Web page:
Moonfall, review: Roland Emmerich no longer knows what we like

Even if Emmerich can no longer do that Great movie about the end of the worldMaybe it’s time to say goodbye to the genre on which this director has built such a good part of his career. However, it’s interesting to see Moonfall, because like any good title that attempts to imagine the future, it ends up telling a lot about the present it was made in. For example, it is impossible not to elicit some reflections from the large Chinese funding of the work and the consequent benign light in which the Asian country is portrayed, or the disturbing obsession felt by one of the heroes of the Elon Musk movie, between the position of one product and another.

Moonfall inspiration

With a budget of approximately $150 million, Moonfall It is the most expensive independent movie ever In the last years. Emmerich worked on it for nearly five years, after seeing the rights to the script and later reclaiming them from Universal, who initially seemed interested in the game.

In the director’s cinema, it is easy to identify some established techniques and narratives: a great ability to comprehend and replicate Steven Spielberg’s best adventure cinema and entertainment, An unwavering belief in the use of special effects And in their presentation as pound sterling Very unique and special that will attract people into the room, having a coil outcast unjustly mocked From others they instead show a profound ability to see reality as it is, beyond applicable conventions.

In Moonfall we find all these items, starting with disastrous story Who sees an overweight, lonely and seasoned young man named KC (John Bradley) as the only one who can understand it Moon “giant structure” Quarry and exotic industries. Ex-astronaut Brian Harper (Patrick Wilson) will find himself teaming up with him, after seeing a mysterious swarm on a space mission and being Banned by NASA To tell the story of what we see in space.

Moonfall’s “scientific” explanations may sound like Hollywood gossip from a filmmaker who has long been a fan of exaggeration and conspiracy, when in fact they and the movie are inspired by A book by Alan Butler and Christopher Knight (Hence the initials of the protagonist’s name are explained). The writer is a famous conspiracy theorist who argues, among his various alternative theories, that the Moon is in fact a huge hollow structure, created by an advanced civilization that actually planned the birth of our planet.

Moonfall plot

As the title suggests, the file The moon begins to get dangerously close to the Earth, which is alarming. So former astronaut and current NASA chief Jocinda Fowler (Halle Berry) apologizes to Brian and begins working with him and KC on a crazy plan to return the Moon to the correct orbit and avoid the extinction of humanity. They follow, as expected, the adventures of their children committed to saving themselves, CGI destruction of American cities (primarily New York) and a section a bit like Alfonso Cuaron’s Gravity and a bit like Arthur C. Clarke’s classic SFF Encounter with Rama.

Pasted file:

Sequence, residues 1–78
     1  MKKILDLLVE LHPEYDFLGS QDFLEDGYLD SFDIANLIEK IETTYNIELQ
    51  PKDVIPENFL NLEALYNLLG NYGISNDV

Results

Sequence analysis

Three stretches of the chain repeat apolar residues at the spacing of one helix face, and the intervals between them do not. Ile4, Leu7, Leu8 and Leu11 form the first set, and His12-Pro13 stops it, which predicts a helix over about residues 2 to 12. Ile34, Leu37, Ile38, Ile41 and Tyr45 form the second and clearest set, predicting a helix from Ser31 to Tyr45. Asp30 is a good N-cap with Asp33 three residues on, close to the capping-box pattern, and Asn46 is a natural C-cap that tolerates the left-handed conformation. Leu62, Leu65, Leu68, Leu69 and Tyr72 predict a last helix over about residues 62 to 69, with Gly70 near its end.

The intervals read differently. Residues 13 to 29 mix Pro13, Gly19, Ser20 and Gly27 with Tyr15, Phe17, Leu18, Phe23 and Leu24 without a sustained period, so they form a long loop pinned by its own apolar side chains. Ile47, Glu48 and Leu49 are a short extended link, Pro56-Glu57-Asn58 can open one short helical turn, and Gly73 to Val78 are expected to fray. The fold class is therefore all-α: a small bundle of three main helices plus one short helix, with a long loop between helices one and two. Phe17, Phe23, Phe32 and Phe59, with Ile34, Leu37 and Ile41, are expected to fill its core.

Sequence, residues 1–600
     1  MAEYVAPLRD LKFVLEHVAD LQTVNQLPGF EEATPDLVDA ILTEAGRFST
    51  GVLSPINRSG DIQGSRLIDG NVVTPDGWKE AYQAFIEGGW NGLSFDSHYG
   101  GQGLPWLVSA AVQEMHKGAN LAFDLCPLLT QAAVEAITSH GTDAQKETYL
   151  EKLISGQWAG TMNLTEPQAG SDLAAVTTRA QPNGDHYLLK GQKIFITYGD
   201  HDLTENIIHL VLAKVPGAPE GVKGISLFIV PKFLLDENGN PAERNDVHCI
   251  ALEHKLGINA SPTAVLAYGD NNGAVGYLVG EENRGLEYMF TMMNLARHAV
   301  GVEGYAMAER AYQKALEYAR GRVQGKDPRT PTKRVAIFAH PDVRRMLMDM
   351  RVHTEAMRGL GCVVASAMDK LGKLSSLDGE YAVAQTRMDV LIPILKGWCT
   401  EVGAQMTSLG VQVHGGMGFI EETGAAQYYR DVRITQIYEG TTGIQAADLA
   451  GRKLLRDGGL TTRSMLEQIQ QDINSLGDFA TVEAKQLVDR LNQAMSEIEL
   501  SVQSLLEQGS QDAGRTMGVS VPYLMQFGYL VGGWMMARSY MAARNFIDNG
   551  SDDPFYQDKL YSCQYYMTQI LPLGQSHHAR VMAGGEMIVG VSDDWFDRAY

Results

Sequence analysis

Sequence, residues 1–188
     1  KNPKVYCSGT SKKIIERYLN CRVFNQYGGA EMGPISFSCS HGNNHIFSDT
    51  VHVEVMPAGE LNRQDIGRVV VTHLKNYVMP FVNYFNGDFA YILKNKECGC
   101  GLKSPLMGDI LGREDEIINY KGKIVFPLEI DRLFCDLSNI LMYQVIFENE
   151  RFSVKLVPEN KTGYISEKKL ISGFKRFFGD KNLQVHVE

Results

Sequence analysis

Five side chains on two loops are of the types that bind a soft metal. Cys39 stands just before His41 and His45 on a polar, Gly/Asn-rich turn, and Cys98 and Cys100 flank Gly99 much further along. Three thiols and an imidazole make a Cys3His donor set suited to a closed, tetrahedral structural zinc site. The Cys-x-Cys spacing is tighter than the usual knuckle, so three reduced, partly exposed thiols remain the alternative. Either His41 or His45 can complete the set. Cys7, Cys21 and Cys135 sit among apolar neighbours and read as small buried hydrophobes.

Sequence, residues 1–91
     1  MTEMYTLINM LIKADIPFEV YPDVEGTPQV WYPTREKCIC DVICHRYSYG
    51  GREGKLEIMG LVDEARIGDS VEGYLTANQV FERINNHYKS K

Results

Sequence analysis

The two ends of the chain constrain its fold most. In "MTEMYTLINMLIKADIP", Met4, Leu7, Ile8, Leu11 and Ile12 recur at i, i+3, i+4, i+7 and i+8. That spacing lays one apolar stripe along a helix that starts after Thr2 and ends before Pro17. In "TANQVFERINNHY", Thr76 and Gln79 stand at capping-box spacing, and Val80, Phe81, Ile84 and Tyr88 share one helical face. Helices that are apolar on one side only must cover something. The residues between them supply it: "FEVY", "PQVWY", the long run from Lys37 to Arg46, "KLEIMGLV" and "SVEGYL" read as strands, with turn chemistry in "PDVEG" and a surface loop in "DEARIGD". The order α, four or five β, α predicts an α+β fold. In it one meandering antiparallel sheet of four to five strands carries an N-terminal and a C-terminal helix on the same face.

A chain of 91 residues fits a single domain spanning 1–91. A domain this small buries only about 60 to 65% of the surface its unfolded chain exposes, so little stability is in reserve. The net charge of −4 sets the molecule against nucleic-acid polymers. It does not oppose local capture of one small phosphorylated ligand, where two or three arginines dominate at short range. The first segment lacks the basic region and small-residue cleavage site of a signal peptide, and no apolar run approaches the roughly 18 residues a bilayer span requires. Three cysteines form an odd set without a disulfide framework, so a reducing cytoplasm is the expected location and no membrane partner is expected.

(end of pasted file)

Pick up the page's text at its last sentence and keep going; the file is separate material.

In short, Emmerich does his job, and so does the cast, but they face a radically changing world and audience. Moonfall error is Do not understand the present No longer responding to the need of people who already see frightening weather events happening in reality and in the cinema, they seek the impossible fusion of nostalgia and the present, a world of charismatic and reassuring characters that you enjoy without making them feel endangered. The period when special effects were, in fact, special has been around for a long time. Today We need realism (in science fiction, in cinema, in historical series) that was never in Emmerich’s threads, or the desire to create as complex and realistic a narrative and visual dimension as possible to dazzle the audience. People are looking for complexity (often quirky) by Christopher Nolan in Interstellar or, conversely, Denis Villeneuve’s trusted core, which makes a fictional world like the Dunes world both harsh and realistic.

movie 2021 What Moonfall Looks Most Like Is ‘Don’t Look Up’Which isn’t much of a compliment to Adam McKay, who still snatches multiple Academy Award nominations with his movie on Netflix. The plot is the same: a large mass is about to hit the ground, the United States is trying to do something, but at the top of the nation there are mostly people unable to fight against cynical and unbelieving scholars. Unlike Emmerich though, Makai is a keen connoisseur of current delicacieshe knows that the public wants to be indignant, wants to feel intelligent while being part of a definite group in opposition to another, wants to see reality free from nuance, and reduced to such a simplification that it takes a stand on one side or the other inescapable and easy .

Maggie Benson

"Bacon trailblazer. Certified coffee maven. Zombie lover. Tv specialist. Freelance communicator."

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